As noted from patient feedback, low specificity of resources to one’s condition negatively influenced engagement. It has been reported that often those living with chronic conditions have multiple comorbid manifestations and, hence, Web-based resources can fail to cover enough of their individualized needs for them to be deemed of significant value [58]. As could be seen from the research design, general chronic pain management social media resources were suggested to patients, not those specific to any one chronic condition (eg, low back pain, rheumatoid arthritis). This was decided based on current evidence-based approaches to chronic pain management, focusing on holistic multi-faceted, versus disease-specific, management [10]. The conflict observed between a desire to deliver evidence-based practice (EBP) and patient preferences for their own management highlights the need for greater emphasis on shared decision-making models between patient and clinician to achieve success in larger-scale studies in the future [18].

Suggesting certain social media resources as a starting point was done to provide some element of quality control and uphold ethical standards of care. However, freedom was encouraged for patients to use the resources as they wished and explore different avenues using the social media resources. Unlike many earlier studies conducted in this space, the aim of the present study was to more closely replicate social media use in day-to-day life (ie, open, engaging, collaborative, participatory) rather than to create a specific online intervention that dictates exactly what patients engage with and how they engage with it.

Finally, facilitated engagement of social media interventions, or involvement of clinicians, has been reported as another positive way to improve participation and intervention adherence. In turn, this has a positive flow onto PROs [9,20,53-55]. In Hoch et al [32], the entire pilot intervention was guided by a clinical nurse. This led to a completion rate of 24 out of 28 (86%). However, unlike this study, that of Hoch et al [32] was a social media intervention that translated a traditional face-to-face intervention into one delivered in a virtual world. The nurse had an integral role in delivering each session, thus mimicking offline management. Autonomous self-management was the goal for this study, not translating an intervention into an online one. Hence, using social media resources cannot be truly facilitated in the same manner. Empowering patients to make their own decisions about using social media in this manner also has positive connotations for study logistics, suggesting that fewer clinical staff would be required to run future larger-scale studies.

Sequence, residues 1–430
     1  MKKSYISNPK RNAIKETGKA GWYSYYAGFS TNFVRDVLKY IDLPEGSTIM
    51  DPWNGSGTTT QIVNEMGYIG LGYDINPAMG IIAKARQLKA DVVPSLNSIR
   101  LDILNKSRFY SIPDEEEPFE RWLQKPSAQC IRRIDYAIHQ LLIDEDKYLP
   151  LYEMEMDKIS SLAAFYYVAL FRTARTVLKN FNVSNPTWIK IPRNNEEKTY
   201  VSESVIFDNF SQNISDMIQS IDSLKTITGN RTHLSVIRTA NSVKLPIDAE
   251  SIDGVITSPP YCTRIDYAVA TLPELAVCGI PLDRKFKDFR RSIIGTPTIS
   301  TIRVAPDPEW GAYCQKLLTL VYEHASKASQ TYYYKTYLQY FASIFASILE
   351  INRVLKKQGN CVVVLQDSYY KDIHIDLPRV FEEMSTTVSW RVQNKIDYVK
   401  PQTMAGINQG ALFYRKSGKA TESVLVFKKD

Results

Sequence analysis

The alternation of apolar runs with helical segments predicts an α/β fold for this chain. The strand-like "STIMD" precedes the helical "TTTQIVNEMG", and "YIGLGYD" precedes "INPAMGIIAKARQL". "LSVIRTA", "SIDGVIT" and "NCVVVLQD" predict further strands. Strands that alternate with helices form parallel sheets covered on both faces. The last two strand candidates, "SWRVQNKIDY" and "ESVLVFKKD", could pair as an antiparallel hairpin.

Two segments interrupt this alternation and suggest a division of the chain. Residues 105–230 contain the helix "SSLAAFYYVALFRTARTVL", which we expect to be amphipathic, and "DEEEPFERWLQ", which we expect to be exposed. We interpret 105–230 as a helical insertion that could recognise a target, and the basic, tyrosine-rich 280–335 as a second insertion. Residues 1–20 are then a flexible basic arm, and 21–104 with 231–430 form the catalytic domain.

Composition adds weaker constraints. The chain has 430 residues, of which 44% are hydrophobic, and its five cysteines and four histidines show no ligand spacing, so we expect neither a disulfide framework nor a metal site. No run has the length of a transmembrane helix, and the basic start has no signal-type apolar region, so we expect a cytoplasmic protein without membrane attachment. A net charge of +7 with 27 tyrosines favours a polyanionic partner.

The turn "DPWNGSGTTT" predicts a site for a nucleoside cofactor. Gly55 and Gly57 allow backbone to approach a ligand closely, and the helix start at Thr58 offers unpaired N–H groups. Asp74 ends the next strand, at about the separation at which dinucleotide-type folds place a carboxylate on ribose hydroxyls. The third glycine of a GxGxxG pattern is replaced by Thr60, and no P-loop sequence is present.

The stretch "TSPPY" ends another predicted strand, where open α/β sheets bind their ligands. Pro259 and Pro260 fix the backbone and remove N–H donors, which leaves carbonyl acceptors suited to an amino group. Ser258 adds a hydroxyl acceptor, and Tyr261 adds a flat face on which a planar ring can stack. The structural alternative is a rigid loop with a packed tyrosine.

Strengths and Limitations


The foremost strength of this pilot study lay in the intervention design. The choice was to encourage participating patients to be more autonomous and decide on which social media to use and how to use them as part of self-management. This breaks away from conventional Web-based intervention design based on constrained, predefined online interventions. As discussed, this idea fits within a participatory model, suggesting, not prescribing, a Web-based intervention. It places greater weight on patients’ perceptions and preferences for health self-management online.

Web-based interventions in chronic pain traditionally collect data using several disparate PROMs. As seen and described in Buhrman et al [50], the decision to incorporate several legacy measures increases the risk of deriving findings due to chance. The authors also suggest that many chronic pain PROMs have a weak theoretical basis. Future research would benefit from utilizing standardized, validated, and generalizable measures to overcome such issues. This is another reason to advocate for the strength of using PROMs such as PROMIS within this research domain [39,40]. It is the belief of the research team that, to date, no similar studies have used PROMIS for outcome measurement in this context. PROMIS has been validated against a variety of measures and across a range of conditions. Hence, using this study as a benchmark, researchers interested in studying social media for chronic pain management will be able to compare findings across a range of contexts and conditions in the future.


RCT designs are synonymous with robust health research. This method is strongly advocated in trials of effectiveness and has been employed in other Web-based chronic pain studies [33,50]. However, the decision was made to run this study as a single-arm trial with only an intervention group as numbers would not be sufficient to warrant an RCT at this stage. Similar designs and sample sizes have been seen in other social-media-in-chronic-disease pilot studies [32]. The recruitment process showed how difficult it is to recruit large numbers of patients into studies where no incentives are offered. As was seen, it was not until members of the clinical team began conducting recruitment phone calls that a rise in study interest was seen and, hence, enrolments. Future research warrants larger-scale studies to recruit sufficient numbers to use RCT designs to accurately test the effectiveness of social media use in the clinical management of chronic pain.

The decision to merely suggest social media resources, but allow patients to make their own decisions about which to use, meant that the resources patients actually used were not able to be verified. PROs collected may be in reference to a variety of social media resources, both reputable and not. Thus, study findings are open to interpretation bias. This is one of the reasons that emphasis is not placed on posttest PROMIS-PI and PSEQ findings in this study.